Even though the harshness, so realized that it made my stomach turn while reading the story, is so visceral and painful, it is the love story that not only infuses itself throughout the plantation–from the slave quarters to the main house–that supersedes all and wends its way into your skin, your heart, your soul. This novel is an achievement beyond anything I expected.

By Robert Jones, Jr.,

Why should I read it?

3 authors picked The Prophets as one of their favorite books, and they share why you should read it.

What is this book about?

*A NEW YORK TIMES BESTSELLER*

'This visionary and deeply evocative debut carves a radiant love story out of the bleakest of landscapes.' Waterstones - Best Books to Look Out For in 2021

'An Outstanding novel' Guardian
'A lyrical, poetic novel' Independent
'Epic in its scale' Marlon James, author of Black Leopard, Red Wolf
'A rare marvel' Ocean Vuong, author of On Earth We're Briefly Gorgeous
'Magisterial' Courttia Newland, author of A River Called Time
'A spellbinding debut' COSMO
'Ambitious and intense' Vanity Fair

In this blinding debut, Robert Jones Jr. blends the lyricism of Toni Morrison with the vivid prose…


Book cover of Douglass' Women

Elizabeth Bell Author Of Necessary Sins

From my list on the human toll of American slavery.

Why am I passionate about this?

I am an American novelist and a lifelong, enthusiastic student of American history. To me, history is people. In addition to first-hand accounts and biographies, one of the best ways to understand those people is historical fiction. For the last two decades, I’ve lived in the Southern United States, surrounded by the legacy of slavery, America’s “peculiar institution” that claimed an unequivocal evil was a positive good. Because both the enslaved and their enslavers were human beings, the ways that evil manifested were as complex as each individual—as were the ways people maintained their humanity. These are a few of the novels on the subject that blew me away.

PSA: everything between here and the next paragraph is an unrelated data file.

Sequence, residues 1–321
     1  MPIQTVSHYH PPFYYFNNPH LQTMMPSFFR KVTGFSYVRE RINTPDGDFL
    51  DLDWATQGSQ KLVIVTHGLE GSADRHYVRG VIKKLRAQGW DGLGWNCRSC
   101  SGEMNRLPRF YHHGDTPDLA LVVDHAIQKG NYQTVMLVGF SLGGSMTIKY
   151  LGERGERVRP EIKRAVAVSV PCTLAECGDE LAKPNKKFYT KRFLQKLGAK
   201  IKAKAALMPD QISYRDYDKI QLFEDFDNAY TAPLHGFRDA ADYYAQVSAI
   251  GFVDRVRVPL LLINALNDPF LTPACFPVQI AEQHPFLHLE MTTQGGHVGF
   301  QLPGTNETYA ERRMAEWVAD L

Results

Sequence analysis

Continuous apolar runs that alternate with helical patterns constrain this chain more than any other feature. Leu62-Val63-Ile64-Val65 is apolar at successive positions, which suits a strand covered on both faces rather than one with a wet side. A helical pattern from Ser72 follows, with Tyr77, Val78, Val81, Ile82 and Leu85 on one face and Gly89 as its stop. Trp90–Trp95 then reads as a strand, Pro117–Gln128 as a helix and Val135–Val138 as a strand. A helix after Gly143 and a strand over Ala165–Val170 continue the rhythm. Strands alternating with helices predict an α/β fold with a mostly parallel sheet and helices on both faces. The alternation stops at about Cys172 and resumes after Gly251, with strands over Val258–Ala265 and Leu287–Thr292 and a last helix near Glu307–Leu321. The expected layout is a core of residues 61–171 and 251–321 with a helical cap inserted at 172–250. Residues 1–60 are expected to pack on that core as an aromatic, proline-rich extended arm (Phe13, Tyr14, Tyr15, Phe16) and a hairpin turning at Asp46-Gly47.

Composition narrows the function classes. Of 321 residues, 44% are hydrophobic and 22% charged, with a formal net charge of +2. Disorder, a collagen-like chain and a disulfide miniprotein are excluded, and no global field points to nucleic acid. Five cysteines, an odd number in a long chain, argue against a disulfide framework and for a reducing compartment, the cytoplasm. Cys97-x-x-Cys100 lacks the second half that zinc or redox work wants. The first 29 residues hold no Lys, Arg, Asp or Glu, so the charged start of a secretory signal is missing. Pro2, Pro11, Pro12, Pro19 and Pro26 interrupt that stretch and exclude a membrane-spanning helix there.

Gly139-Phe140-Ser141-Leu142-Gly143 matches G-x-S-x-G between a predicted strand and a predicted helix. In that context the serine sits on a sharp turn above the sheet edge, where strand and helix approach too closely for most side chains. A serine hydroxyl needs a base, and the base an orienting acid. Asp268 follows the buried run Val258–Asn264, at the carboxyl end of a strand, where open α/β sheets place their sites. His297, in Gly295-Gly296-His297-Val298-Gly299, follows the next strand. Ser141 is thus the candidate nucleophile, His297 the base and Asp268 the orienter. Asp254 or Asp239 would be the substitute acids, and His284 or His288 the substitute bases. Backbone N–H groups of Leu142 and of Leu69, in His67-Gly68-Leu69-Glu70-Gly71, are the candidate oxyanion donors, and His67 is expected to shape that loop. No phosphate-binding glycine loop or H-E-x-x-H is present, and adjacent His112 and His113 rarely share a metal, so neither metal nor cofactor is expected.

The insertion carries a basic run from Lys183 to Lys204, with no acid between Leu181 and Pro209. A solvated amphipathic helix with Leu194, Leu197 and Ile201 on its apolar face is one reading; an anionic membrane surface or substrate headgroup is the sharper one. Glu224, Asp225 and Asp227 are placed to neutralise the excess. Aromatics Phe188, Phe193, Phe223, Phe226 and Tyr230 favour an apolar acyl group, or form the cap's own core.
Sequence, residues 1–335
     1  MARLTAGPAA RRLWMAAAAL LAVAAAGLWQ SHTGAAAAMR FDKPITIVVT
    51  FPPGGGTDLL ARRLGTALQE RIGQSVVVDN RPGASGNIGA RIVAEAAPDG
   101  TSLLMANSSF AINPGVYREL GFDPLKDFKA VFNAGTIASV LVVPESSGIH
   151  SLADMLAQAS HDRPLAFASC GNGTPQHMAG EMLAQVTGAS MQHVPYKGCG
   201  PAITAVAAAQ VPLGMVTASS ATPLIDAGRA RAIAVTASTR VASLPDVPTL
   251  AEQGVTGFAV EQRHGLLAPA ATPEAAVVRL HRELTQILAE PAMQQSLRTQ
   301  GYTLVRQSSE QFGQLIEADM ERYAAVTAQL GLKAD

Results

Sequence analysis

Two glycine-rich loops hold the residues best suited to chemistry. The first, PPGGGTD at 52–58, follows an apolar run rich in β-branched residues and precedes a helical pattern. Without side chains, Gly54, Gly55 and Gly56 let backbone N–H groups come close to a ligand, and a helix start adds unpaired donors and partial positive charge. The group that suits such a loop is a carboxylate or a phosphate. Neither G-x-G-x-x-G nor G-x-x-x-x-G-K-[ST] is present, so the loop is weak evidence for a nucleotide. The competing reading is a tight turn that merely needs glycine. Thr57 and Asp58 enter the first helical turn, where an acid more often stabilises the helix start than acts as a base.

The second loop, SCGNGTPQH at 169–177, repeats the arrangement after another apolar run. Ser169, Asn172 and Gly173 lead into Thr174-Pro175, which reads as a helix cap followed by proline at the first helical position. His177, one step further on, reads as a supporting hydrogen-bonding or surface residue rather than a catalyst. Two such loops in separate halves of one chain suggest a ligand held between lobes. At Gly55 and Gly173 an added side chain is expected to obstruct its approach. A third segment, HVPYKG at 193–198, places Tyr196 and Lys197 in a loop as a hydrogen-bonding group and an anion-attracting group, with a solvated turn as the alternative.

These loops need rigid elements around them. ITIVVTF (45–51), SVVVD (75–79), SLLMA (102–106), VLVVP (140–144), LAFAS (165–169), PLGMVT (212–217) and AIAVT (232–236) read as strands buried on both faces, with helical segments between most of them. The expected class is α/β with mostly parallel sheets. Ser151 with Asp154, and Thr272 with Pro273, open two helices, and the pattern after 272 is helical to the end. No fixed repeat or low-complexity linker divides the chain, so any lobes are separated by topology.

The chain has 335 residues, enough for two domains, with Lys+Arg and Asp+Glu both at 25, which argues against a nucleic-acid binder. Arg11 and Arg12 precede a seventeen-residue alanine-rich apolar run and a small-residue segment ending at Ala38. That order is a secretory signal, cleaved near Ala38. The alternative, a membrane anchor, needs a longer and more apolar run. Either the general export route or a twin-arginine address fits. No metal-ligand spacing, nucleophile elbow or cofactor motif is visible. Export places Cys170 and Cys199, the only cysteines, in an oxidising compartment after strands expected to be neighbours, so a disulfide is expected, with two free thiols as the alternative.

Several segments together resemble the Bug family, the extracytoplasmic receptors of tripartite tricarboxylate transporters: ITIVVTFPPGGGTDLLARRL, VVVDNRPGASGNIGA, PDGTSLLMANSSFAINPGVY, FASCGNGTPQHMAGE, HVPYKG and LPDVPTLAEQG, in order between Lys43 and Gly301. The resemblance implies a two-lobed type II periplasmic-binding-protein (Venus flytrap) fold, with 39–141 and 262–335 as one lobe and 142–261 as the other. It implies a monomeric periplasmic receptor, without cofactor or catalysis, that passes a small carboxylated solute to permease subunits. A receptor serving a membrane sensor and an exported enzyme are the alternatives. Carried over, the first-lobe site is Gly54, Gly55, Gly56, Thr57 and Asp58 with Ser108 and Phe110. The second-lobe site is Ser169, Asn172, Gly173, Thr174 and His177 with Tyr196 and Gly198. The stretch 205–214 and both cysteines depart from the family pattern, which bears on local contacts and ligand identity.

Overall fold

Elizabeth's book list on the human toll of American slavery

Elizabeth Bell Why did Elizabeth love this book?

Escaping slavery doesn’t make you a saint. Even Frederick Douglass, one of the world’s most famous former slaves, one of history’s greatest writers, orators, and human rights activists, had feet of clay. His wife Anna was a free Black woman who helped him escape bondage and bore him five children. Yet Frederick cheated on her in a decades-long affair with a White German woman—who is somehow equally sympathetic here. I finished this novel loving all three of these flawed, complex characters, all of whom were real people. Rhodes’s psychological insight leaves me in awe.

By Jewell Parker Rhodes,

Why should I read it?

1 author picked Douglass' Women as one of their favorite books, and they share why you should read it.

What is this book about?

WINNER OF THE 2003 PEN OAKLAND JOSEPHINE MILES AWARD FOR OUTSTANDING WRITING AND THE BLACK CAUCUS OF THE ALA LITERARY AWARD
Frederick Douglass, the great African-American abolitionist, was a man who cherished freedom in life and in love. In this ambitious work of historical fiction, Douglass' passions come vividly to life in the form of two women: Anna Murray Douglass and Ottilie Assing.
Douglass' Women is an imaginative rendering of these two women -- one black, the other white -- in Douglass' life. Anna, his wife, was a free woman of color who helped Douglass escape as a slave. She…


Book cover of Sister of Mine

Elizabeth Bell Author Of Necessary Sins

From my list on the human toll of American slavery.

Why am I passionate about this?